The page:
Shipbreaking Platform, which liaises with the European Commission, highlighted several fatal accidents in just five weeks around the southeastern Bangladeshi port of Chittagong, where 145 shipbreaking firms and 15,000 workers share a 15-kilometer stretch of beach.
In one case, a 21-year-old man died when he fell from a height while working for the company Seiko Steel. He wasn’t wearing any safety equipment or protective clothing. Just six days later, five workers from the same company were hit by falling steel plates during the dismantling of a German vessel. Two of the men died; the other three were severely injured.
The accidents continued. One worker was crushed by steel plates at the Lashkar Shipbreaking yard. Another was killed when a cylinder exploded at the Bhatiary Steel yard, while his colleague suffered severe burns to his face and upper body. And a 28-year-old was fatally run over at Kabir Steel. When his grieving relatives turned up to protest, they were allegedly shot at by the firm’s security guards.
The German ship owners argue they cannot get their vessels scrapped elsewhere because of a lack of shipbreaking capacity in developed countries. “We don’t know any demolition yards in central Europe,” said Bertram Rickmers, owner of the Rickmers group.
Other companies, such as Dr. Peters, point out that their ships were “all sold to trading buyers in Asia.” These buyers, such as GMS and Wirana, are effectively middlemen, taking charge of the final sailing and transferring the vessel to a flag of convenience from countries like Tuvalu, the Comoros Islands or St. Kitts and Nevis, a way to circumvent the rules. They even paint over the name of the ship to protect the previous owner’s modesty.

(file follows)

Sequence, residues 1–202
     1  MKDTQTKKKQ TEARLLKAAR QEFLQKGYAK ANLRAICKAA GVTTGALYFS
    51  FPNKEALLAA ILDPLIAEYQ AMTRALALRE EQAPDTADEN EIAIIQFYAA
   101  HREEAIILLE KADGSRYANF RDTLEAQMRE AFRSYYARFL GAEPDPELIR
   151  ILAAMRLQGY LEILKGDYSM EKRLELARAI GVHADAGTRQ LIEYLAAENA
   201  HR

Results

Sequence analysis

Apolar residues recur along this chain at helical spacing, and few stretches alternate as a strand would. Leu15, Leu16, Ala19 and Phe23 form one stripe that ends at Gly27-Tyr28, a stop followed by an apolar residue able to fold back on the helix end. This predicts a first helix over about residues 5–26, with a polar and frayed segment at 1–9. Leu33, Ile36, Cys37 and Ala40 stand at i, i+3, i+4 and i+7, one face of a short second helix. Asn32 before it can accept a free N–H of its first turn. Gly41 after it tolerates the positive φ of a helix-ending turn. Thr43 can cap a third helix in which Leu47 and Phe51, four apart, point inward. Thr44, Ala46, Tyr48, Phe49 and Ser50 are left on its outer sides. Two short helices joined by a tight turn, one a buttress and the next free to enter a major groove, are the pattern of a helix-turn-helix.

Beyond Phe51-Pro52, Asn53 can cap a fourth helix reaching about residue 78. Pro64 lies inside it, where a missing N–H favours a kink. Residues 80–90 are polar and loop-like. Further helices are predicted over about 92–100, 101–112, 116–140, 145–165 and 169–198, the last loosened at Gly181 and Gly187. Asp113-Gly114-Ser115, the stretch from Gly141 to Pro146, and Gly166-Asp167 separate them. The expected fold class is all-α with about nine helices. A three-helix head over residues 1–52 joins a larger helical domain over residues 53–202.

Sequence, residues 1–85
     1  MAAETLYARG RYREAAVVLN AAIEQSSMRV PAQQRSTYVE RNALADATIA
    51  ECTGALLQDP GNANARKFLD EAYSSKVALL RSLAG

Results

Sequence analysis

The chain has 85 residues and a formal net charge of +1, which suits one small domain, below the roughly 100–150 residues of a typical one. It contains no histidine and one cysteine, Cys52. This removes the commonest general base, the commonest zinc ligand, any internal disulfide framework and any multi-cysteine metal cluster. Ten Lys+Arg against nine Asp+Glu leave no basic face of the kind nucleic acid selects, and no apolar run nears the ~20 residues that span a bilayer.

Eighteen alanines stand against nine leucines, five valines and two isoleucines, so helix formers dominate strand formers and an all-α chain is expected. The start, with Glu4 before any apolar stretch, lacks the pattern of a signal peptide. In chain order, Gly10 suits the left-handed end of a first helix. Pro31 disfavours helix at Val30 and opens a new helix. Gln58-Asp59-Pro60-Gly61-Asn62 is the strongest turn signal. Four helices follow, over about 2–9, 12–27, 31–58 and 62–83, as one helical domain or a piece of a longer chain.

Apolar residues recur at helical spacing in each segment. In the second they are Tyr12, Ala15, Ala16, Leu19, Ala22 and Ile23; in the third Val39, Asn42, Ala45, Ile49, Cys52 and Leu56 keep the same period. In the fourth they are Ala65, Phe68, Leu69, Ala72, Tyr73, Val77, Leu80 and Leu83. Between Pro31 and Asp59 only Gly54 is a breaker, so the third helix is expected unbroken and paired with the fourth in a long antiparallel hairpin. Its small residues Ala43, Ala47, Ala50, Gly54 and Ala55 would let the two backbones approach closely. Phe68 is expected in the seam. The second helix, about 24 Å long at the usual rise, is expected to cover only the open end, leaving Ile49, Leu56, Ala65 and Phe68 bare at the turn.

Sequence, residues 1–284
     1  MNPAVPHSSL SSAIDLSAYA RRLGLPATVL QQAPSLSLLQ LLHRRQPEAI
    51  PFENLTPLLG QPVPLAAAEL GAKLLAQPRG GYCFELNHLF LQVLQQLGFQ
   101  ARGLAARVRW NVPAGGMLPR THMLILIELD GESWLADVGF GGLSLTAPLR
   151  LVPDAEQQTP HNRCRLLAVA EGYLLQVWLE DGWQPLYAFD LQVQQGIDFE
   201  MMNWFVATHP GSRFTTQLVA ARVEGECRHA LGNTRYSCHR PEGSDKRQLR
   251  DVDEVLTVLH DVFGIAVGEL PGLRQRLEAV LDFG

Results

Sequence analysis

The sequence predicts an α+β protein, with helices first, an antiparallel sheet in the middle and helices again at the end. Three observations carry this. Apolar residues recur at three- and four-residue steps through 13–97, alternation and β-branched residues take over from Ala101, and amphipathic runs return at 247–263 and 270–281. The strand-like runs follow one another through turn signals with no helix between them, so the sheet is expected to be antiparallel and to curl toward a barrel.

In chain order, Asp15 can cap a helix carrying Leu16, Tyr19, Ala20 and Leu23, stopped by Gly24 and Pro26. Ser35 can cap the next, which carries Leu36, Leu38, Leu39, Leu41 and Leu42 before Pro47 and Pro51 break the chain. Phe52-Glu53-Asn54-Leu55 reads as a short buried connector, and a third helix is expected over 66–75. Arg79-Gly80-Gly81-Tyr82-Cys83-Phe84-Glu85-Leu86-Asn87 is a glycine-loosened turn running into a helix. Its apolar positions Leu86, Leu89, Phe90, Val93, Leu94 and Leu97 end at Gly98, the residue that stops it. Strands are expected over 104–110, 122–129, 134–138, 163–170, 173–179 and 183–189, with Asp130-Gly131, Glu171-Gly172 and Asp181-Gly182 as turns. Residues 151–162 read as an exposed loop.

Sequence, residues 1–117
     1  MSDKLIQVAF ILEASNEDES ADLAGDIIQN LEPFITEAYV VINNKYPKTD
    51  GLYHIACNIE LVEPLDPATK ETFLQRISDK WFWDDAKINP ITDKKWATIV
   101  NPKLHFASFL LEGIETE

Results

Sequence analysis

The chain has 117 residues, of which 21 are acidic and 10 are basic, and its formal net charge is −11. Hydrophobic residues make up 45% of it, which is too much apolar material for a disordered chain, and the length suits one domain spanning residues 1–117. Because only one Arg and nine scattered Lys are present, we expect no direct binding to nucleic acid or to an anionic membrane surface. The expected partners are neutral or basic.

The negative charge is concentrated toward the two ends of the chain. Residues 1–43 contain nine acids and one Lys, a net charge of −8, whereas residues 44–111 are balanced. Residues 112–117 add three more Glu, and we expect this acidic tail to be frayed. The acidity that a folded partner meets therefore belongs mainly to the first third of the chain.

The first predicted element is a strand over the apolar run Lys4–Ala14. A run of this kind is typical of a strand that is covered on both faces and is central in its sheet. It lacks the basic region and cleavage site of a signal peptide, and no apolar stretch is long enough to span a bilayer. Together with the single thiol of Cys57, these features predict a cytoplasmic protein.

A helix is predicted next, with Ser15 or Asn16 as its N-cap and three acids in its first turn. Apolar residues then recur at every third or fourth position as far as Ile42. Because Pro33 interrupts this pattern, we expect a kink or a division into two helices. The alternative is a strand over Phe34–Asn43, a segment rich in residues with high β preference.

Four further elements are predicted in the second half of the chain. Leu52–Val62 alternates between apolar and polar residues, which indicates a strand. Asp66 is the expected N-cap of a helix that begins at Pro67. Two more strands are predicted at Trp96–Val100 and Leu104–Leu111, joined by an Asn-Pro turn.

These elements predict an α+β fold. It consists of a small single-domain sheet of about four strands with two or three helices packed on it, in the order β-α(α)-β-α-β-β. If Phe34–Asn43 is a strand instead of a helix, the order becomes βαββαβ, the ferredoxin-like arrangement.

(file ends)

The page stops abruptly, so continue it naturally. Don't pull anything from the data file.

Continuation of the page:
“It borders on a scandal that only a few states have signed up to the Hong Kong Convention so far.”
The general rule of thumb is: the laxer the regulations, the bigger the profit. Anyone who, like Hamburg Süd, opts for a dismantling in Turkey will get up to two million euros less per ship than they would if their vessels were beached in South Asia.
The German Shipowners’ Association (VDR) blames the many bankruptcies in the industry as the reason why so many German ships end up in these grim South Asian graveyards. “Many insolvency liquidators are duty bound to achieve the highest proceeds for their creditors, or they could risk being made liable,” a spokesman said.
The Hong Kong Convention, adopted by the UN in 2009, declares that ships shouldn’t pose any unnecessary risk to human health, safety and the environment when they reach the end of their operation lives. But it still hasn’t been ratified by the major seafaring countries, including Germany.
That almost makes Ralf Nagel, the head of the VDR, speechless. “It borders on a scandal that only a few states have signed up to the Hong Kong Convention so far,” he said.
Behind the lack of ratification lie hard-nosed business interests. Shipbreaking Platform wants vessels to be dismantled in European yards. So far, the European Commission’s list of approved yards only covers those in the E.U.
But some see something else driving these demands: an economic program for impoverished European coastal regions.
Christoph Schlautmann covers the logistics and waste management sectors for Handelsblatt. To contact the author: firstname.lastname@example.org